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Tatis: International draft 'is going to kill baseball in the Dominican Republic'

Nuccio DiNuzzo / Getty Images Sport / Getty

San Diego Padres star shortstop Fernando Tatis Jr. is opposed to the idea of an international draft, believing it will be detrimental to baseball's development in his home country.

"The (international) draft is going to kill baseball in the Dominican Republic," Tatis said, according to a Google translation of an ESPN Deportes story.

"It's going to kill what baseball is in the Caribbean. It is going to affect us a lot because there will be many young people who used to give them the opportunity to get a bonus, and with the draft, it will not be the same."

Major League Baseball and the players' union are currently discussing the potential of an international draft as part of a new collective bargaining agreement.

MLB believes an international draft might help improve the way in which teams acquire players like Tatis from outside the United States, Canada, and Puerto Rico. The current system is riddled with corruption and other issues, such as the exploitation of players as young as 12 years old who verbally agree to deals before they are eligible to sign at age 16.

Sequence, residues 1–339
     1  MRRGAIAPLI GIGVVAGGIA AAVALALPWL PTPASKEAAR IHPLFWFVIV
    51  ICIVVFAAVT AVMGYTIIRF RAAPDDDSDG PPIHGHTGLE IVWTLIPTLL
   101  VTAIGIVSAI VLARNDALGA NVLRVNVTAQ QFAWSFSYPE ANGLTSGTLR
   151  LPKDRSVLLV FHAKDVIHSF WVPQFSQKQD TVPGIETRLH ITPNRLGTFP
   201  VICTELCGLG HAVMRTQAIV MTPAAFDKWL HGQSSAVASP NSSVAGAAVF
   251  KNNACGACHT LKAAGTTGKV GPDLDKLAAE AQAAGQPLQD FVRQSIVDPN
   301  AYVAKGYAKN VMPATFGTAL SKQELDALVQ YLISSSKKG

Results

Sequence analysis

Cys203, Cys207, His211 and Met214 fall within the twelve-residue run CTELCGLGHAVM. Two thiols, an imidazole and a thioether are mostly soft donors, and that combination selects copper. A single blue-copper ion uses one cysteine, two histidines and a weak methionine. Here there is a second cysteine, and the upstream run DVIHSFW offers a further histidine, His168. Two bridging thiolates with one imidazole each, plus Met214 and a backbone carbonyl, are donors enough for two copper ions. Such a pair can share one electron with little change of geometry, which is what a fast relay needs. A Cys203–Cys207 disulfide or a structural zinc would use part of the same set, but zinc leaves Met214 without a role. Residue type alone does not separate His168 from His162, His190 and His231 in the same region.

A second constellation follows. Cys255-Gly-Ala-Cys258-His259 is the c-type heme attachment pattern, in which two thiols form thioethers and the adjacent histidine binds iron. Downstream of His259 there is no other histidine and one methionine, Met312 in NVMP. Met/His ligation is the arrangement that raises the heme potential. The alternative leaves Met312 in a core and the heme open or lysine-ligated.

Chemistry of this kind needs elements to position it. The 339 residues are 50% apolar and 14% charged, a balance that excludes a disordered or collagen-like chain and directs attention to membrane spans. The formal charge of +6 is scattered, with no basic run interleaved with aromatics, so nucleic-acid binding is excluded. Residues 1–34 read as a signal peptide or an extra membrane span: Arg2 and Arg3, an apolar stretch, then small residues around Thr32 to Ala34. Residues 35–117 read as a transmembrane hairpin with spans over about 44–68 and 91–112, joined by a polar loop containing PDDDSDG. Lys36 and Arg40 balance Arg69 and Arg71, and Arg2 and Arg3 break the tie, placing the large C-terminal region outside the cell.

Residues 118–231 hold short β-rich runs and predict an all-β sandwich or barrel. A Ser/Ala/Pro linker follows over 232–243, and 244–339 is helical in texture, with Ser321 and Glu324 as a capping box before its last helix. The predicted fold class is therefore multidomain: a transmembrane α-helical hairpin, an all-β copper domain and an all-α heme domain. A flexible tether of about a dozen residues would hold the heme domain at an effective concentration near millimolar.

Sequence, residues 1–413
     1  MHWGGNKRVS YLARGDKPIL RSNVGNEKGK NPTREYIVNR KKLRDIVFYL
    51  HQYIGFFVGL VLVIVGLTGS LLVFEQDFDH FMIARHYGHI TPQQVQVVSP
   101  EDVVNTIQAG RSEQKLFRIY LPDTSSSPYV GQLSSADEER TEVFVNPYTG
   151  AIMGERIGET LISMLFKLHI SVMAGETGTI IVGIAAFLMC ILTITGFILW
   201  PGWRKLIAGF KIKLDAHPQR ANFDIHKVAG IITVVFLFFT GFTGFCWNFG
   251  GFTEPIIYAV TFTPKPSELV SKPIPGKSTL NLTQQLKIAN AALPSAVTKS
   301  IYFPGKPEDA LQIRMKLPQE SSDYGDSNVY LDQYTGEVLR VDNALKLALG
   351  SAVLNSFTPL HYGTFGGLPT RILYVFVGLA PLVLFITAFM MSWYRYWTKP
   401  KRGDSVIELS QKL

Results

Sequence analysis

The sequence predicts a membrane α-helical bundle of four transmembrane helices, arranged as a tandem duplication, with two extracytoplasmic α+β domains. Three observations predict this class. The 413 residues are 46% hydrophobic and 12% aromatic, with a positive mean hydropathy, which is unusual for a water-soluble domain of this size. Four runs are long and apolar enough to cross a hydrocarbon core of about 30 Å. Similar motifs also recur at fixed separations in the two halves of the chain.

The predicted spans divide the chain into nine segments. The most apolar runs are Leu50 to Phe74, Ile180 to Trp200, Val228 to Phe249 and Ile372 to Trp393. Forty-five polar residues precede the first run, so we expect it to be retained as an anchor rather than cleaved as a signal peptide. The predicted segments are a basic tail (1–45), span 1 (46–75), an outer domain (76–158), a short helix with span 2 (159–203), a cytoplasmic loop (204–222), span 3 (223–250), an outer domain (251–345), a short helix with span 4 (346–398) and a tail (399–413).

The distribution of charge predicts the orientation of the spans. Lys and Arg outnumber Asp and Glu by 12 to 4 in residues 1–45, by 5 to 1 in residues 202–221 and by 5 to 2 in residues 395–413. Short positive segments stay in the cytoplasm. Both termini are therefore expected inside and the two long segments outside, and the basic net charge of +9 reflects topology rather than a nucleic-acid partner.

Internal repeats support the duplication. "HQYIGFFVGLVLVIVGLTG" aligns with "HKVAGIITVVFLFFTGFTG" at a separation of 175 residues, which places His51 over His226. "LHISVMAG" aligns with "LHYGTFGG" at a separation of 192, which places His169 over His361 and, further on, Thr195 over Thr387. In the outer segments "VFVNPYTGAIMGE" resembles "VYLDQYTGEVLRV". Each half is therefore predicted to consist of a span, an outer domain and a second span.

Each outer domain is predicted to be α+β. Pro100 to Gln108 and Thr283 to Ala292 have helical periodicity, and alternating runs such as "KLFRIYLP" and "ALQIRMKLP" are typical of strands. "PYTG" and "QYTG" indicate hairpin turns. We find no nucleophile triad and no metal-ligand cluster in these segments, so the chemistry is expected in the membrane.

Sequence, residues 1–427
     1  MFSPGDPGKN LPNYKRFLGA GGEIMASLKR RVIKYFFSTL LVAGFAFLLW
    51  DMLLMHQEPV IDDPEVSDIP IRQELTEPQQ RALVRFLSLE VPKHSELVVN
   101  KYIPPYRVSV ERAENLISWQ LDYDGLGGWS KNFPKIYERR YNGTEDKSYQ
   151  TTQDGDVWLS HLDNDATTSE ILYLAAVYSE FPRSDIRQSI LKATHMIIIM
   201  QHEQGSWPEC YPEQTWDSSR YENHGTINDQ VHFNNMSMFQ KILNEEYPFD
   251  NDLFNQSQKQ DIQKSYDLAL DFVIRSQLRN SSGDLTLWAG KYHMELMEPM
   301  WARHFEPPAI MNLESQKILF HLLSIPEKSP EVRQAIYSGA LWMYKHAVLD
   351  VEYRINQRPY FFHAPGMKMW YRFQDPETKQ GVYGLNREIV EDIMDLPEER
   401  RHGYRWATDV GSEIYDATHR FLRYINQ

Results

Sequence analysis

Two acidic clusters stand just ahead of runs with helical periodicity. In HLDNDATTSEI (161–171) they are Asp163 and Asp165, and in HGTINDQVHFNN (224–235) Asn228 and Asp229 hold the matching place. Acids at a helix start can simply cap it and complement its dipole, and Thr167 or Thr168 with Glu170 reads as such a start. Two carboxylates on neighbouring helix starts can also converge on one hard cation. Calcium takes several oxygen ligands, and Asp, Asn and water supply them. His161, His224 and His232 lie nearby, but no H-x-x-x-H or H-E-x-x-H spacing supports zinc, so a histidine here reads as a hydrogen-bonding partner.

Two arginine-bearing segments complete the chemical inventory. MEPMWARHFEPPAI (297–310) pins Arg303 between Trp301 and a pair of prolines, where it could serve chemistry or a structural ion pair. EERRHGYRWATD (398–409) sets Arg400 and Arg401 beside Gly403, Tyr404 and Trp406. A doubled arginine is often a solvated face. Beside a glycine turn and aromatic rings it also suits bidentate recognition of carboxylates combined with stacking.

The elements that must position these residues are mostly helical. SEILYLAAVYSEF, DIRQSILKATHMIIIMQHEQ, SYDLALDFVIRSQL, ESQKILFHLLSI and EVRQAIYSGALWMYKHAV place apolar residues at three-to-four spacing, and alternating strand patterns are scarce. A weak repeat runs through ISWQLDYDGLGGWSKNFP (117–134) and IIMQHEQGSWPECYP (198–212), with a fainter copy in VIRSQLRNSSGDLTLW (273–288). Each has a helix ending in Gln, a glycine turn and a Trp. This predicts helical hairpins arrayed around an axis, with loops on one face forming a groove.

Tatis believes an international draft won't fix these issues. Instead, it will take opportunities away from thousand of prospects, as well as the coaches who help them prepare for the majors.

The Padres infielder used Puerto Rico as an example of how changes to the international system can affect the number of players signing from a certain region. There has been a lower percentage of Puerto Rican players earning major-league contracts since they were included in the same draft as the United States and Canada.

"Right there, there will be a tremendous reduction of those players who expect a good bonus," he said. "I make it very clear: I think that this is going to end a lot with what is the signing of players here in the Dominican Republic and in the Caribbean."

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